And we noted the Green Hills Preserve, where we’ve also hiked many a trail.

K-Pleasant Mtn

The cloud cover changed as we turned toward home and saw Pleasant Mountain in the distance. Our house is located about center beyond the mountain. And our camp to the left end of said mountain.

k-summit lunch rock (1)

Of all the rocks, lunch rock was the most important find. Sometimes, it’s difficult to locate such among all the opportunities, but this one spoke to us. And so we sat. And ate. Sandwiches (not PB&J–those are more for winter fare) and brownies (great any time of the year).

k-my guy snoozing (1)

And then my guy decided to snooze. He deserved it.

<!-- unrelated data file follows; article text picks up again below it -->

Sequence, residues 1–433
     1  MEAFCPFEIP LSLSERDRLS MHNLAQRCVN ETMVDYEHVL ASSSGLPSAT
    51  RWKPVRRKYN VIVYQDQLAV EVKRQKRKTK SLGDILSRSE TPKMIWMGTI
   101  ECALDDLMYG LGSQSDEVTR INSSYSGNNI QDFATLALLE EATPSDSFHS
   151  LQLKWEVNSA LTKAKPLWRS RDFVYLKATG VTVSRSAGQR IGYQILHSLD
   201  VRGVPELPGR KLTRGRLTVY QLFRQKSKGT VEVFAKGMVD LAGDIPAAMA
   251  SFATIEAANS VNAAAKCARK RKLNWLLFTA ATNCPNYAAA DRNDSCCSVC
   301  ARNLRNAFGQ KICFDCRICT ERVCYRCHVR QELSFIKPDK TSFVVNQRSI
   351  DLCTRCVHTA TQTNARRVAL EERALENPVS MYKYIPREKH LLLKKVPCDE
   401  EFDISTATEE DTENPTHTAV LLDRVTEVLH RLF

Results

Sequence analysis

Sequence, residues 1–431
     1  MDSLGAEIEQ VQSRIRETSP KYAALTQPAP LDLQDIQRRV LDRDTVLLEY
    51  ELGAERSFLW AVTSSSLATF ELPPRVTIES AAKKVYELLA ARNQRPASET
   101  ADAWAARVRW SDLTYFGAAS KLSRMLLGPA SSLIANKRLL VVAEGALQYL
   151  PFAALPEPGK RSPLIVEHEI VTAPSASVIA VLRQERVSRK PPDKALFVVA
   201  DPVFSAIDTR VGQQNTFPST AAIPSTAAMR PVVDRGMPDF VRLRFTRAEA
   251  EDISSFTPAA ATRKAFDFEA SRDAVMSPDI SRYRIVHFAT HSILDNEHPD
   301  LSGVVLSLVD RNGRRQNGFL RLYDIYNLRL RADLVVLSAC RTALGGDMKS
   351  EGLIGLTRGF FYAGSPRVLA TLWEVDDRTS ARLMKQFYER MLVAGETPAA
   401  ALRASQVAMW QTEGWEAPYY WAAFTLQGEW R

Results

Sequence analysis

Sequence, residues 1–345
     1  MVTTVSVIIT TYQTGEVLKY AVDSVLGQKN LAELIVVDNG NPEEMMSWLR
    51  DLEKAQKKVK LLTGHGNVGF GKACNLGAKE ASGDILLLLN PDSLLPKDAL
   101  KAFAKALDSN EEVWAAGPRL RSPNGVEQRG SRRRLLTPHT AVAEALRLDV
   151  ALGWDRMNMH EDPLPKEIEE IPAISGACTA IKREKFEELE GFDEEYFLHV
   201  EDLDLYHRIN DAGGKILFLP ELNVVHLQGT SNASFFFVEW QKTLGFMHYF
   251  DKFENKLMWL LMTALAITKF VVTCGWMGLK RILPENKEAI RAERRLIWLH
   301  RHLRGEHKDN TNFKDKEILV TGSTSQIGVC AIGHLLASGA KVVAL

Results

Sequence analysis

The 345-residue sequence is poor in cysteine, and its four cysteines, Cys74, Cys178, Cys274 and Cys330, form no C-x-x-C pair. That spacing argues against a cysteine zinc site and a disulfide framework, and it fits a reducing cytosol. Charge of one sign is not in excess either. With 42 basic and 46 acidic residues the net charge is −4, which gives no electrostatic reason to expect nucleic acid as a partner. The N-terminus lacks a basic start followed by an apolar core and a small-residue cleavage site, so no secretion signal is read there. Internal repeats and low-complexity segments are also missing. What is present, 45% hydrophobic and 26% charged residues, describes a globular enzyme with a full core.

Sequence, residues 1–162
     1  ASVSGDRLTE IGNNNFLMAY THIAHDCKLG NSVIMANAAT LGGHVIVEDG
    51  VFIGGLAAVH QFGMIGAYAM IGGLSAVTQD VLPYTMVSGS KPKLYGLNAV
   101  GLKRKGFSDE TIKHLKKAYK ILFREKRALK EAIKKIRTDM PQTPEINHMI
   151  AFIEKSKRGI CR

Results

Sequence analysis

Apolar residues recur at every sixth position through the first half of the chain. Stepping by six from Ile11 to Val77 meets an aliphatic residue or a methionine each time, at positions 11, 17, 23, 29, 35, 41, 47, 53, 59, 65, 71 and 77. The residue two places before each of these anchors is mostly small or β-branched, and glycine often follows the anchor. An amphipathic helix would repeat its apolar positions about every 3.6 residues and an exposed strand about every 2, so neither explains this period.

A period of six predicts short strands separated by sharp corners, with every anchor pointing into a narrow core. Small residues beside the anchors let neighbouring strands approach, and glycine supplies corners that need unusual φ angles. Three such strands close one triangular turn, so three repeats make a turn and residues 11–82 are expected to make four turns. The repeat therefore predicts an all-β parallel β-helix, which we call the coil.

k-hare scat

I took advantage of the opportunity to observe and was tickled to find these woody fruits–the milk duds of the north woods. Snowshoe hare scat. I found numerous examples and wondered where the hares hid. Actually, they could have been anywhere because among the bald rocks there were plenty of islands filled with brushy undergrowth.

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And so I poked about. Though the low bush blueberry plants were plentiful, the fruits were sparse. In fact, I only spotted this one.

k-mountain cranberries

More prolific were the mountain cranberries, aka lingonberries.

k-summit speckled alder (1)

What surprised me was the presence of speckled alder in the mix because I think of this as a species with wet feet, but really, this mountain top is much moister than most of our lowlands, so in the end I guess it made sense. Always something to wonder about.